• ”Ham Buds” / Scraps – Made of small meat pieces glued together into a log shape, risk of poor texture.

When possible, choose frehs bone-in hams over pre-processed varieties for superior flavor, moisture and texture.

Tips for Preparing Moist, Tender Ham

Follow these tips for the juiciest ham possible, no matter what type you select:

  • Choose fresh bone-in hams when possible for best texture

  • Cook gently at ~250°F until internal temp. reaches 140-145°F

  • Use a thermometer to prevent overcooking – stop when 5°F below final target temp

  • Let bone-in hams rest for 15-20 minutes before carving for moisture distribution

  • Wrap spiral hams in foil and reheat slowly to prevent drying out

  • Glaze frequently during cooking or as needed when reheating

  • Avoid added juices which provide little real moisture

  • Make your own glaze with honey, brown sugar, fruit preserves, mustard, etc.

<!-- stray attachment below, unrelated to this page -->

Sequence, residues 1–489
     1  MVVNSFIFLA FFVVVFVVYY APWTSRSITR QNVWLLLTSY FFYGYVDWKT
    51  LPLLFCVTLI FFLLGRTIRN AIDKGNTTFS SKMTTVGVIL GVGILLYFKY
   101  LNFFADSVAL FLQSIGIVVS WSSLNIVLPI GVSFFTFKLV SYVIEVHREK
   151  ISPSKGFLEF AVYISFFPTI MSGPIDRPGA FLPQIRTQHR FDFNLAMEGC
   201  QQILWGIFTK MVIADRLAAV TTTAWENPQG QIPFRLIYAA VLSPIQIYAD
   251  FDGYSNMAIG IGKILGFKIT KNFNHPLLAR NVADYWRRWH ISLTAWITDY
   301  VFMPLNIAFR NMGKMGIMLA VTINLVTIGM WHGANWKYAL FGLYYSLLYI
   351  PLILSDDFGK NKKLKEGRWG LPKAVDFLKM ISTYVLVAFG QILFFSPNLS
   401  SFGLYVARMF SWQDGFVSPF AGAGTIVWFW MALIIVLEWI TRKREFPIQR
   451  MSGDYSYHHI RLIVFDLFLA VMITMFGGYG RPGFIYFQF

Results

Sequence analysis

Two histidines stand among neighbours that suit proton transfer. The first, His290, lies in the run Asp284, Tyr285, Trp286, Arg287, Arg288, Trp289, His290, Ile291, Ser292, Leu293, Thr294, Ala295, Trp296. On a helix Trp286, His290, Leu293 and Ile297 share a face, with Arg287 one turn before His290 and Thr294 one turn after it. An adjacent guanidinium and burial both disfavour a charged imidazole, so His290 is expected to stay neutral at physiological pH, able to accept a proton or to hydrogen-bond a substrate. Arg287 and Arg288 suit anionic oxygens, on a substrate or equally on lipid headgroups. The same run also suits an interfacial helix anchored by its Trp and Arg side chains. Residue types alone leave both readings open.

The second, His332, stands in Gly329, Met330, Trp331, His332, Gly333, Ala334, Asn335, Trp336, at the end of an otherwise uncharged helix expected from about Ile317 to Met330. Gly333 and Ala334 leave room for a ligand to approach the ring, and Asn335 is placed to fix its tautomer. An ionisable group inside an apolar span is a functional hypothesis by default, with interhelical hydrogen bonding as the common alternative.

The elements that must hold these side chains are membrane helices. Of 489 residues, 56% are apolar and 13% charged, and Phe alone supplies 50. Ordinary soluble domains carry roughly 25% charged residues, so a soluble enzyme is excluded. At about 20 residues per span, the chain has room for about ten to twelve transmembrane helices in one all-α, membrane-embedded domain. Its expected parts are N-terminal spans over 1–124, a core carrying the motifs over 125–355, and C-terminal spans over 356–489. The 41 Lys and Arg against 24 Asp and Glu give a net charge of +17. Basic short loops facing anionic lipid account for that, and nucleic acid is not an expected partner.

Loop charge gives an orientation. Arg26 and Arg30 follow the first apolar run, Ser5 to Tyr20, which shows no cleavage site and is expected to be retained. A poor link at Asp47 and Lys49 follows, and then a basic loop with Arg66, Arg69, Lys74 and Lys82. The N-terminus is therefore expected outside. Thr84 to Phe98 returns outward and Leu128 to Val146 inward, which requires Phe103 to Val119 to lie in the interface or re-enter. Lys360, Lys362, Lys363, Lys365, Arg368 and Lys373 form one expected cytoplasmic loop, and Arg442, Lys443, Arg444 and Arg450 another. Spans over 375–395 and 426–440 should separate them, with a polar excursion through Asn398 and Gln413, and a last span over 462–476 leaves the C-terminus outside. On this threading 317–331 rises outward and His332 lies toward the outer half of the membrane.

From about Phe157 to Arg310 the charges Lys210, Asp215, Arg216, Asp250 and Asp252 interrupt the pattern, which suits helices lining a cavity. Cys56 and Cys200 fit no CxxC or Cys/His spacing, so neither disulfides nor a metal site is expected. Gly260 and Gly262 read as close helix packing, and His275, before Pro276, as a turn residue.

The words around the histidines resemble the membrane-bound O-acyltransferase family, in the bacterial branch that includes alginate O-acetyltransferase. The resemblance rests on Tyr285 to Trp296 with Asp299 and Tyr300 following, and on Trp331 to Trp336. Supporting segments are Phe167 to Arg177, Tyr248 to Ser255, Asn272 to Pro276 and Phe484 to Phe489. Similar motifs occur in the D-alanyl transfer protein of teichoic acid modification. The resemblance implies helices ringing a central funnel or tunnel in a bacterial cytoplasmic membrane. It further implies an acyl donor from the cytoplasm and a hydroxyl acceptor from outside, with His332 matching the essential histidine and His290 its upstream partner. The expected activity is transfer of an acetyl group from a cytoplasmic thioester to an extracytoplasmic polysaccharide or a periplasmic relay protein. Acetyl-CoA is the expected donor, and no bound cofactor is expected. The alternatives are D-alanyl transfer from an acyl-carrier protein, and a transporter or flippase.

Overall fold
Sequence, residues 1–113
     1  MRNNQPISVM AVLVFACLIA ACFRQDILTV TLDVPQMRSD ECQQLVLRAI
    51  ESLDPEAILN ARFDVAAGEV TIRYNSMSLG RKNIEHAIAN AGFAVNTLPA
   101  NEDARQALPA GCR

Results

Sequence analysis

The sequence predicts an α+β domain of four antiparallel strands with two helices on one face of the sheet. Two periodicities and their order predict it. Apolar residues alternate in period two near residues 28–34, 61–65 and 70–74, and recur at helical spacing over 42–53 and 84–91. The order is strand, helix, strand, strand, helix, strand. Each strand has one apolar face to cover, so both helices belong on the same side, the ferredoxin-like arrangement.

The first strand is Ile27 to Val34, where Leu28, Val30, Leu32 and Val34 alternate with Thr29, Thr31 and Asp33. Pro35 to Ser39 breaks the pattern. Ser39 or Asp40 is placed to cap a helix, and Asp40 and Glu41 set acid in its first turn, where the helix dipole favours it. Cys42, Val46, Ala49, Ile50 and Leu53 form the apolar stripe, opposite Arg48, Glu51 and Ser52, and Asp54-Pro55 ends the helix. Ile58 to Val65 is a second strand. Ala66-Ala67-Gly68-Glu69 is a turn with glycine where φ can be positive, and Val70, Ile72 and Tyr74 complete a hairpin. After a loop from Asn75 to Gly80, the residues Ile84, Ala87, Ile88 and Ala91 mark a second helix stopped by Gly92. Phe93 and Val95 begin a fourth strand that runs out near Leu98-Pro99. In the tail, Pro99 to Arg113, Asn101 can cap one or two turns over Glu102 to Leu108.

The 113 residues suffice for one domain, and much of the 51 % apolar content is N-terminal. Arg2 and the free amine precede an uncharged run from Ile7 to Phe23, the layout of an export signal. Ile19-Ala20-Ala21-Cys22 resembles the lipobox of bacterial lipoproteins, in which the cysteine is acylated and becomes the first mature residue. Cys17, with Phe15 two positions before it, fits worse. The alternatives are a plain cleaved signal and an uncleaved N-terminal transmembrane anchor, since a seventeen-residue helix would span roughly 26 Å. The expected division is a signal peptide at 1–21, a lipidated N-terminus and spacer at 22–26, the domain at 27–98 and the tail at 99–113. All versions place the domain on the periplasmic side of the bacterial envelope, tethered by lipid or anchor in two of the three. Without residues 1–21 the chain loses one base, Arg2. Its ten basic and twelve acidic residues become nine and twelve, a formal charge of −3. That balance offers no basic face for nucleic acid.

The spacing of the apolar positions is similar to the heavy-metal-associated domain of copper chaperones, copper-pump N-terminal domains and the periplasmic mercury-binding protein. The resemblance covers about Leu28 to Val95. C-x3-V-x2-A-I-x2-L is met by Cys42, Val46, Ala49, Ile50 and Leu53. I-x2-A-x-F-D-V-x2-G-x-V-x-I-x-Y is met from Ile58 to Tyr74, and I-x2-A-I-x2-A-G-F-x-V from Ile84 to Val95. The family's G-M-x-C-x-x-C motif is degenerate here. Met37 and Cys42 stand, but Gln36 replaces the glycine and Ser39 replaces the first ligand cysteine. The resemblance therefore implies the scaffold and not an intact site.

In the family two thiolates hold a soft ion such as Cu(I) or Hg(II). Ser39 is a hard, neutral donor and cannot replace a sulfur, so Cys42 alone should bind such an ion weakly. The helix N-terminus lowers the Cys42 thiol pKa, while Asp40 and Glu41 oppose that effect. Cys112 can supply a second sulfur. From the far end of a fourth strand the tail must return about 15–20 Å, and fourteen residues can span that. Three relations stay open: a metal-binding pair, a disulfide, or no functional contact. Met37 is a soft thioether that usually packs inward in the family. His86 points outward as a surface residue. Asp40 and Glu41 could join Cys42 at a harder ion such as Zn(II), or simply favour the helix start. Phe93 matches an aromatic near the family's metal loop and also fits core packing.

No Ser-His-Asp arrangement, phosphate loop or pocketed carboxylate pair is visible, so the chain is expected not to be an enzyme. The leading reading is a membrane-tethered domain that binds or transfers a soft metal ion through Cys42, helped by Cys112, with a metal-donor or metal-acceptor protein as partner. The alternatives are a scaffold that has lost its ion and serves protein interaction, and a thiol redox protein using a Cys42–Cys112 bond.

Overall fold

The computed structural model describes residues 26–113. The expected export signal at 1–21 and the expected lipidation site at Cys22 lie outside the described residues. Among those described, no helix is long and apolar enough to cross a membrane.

Huge Mistakes Everyone Makes When Cooking Ham


What makes a ham stringy?

Regardless of the cooking method, the cooking temperature should not be too high and the final temperature of the ham should not exceed 155 degrees F. Otherwise the ham is stringy and difficult to carve into thin slices.

What are the two types of hams?

Most hams you’ll find made in the United States are city hams. They are wet-cured and made by soaking the meat in a saltwater solution or injecting them with a brine. You may also see country ham, which is dry rubbed and hung to dry like prosciutto. There are also fresh hams, which are uncured.

Which is better, shank ham or spiral ham?

The butt end is meatier and less fatty than the shank end but it has odd-shaped bones, making it trickier to free the slices. The shank end is slightly fattier but, with a simpler bone structure, is much easier to carve.

What’s the difference between city ham and country ham?

The difference between city and country ham comes down to how they’re cured. Country hams are cured by dry-brining for several months, while city hams are wet brined for a much shorter amount of time and kept fresh thanks to the advent of refrigeration.